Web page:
Alzheimer’s disease

Alzheimer’s disease is a chronic brain disease that gradually erodes an individual’s memory, intellectual abilities and personality.

During the early stages, the most obvious symptom is an inability to learn and remember new information.

In advanced stages, the ability to think, speak or perform such basic tasks as getting dressed or eating is severely impaired. The time between diagnosis and death typically ranges from seven to 10 years.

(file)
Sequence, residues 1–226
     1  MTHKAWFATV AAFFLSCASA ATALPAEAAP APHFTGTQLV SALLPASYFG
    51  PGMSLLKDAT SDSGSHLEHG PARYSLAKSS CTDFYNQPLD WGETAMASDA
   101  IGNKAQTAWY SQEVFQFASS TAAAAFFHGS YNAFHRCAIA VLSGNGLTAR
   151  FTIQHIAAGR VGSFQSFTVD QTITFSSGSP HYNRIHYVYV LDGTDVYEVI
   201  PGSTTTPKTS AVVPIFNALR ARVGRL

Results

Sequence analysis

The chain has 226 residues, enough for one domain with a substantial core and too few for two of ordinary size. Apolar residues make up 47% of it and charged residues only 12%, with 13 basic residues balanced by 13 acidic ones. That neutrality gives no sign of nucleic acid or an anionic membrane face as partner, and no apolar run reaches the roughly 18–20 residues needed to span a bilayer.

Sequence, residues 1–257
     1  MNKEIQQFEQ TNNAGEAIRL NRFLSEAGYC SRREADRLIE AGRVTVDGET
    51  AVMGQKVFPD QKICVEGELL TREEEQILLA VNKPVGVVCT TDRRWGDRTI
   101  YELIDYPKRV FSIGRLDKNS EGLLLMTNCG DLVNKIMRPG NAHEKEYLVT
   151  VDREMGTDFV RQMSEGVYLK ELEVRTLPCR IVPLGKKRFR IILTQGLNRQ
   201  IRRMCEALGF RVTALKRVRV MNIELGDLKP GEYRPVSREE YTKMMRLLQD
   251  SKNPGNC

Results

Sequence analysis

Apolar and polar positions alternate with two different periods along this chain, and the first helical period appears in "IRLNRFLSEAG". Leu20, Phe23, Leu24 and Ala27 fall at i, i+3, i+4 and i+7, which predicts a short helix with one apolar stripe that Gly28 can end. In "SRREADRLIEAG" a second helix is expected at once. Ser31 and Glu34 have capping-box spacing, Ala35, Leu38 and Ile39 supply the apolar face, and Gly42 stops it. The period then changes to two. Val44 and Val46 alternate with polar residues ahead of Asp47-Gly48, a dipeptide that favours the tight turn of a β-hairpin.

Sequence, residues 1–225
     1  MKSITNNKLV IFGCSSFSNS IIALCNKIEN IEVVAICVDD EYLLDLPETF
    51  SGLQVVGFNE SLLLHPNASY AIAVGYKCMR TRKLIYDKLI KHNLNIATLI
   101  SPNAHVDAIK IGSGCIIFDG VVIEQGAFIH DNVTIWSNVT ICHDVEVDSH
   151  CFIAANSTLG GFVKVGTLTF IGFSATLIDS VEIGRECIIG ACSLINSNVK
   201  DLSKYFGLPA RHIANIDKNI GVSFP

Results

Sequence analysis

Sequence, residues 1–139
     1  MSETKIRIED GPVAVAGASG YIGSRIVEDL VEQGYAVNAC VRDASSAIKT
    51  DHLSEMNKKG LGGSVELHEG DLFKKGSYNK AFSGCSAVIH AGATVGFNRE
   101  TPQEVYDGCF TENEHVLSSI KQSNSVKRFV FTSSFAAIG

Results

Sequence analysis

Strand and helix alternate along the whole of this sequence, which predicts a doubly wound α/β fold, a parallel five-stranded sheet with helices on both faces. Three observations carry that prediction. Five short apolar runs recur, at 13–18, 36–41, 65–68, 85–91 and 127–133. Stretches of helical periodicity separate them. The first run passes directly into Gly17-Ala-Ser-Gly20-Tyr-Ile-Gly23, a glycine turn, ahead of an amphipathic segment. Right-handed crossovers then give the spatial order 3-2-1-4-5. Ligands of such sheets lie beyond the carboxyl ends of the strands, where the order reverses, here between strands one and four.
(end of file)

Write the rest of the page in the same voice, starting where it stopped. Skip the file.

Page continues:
Adapted from the Encyclopedia of Psychology

What You Can Do

Getting Help

  • Testing for Alzheimer's

    Because early intervention can help prevent damage, psychologists are searching for tests to detect Alzheimer's even before symptoms appear.


Related APA Publications

APA Offices and Programs

  • Office on Aging

    The Office on Aging is a coordination point for APA activities pertaining to aging and geropsychology (the field within psychology devoted to older adult issues). The Office on Aging also supports the work of the APA Committee on Aging.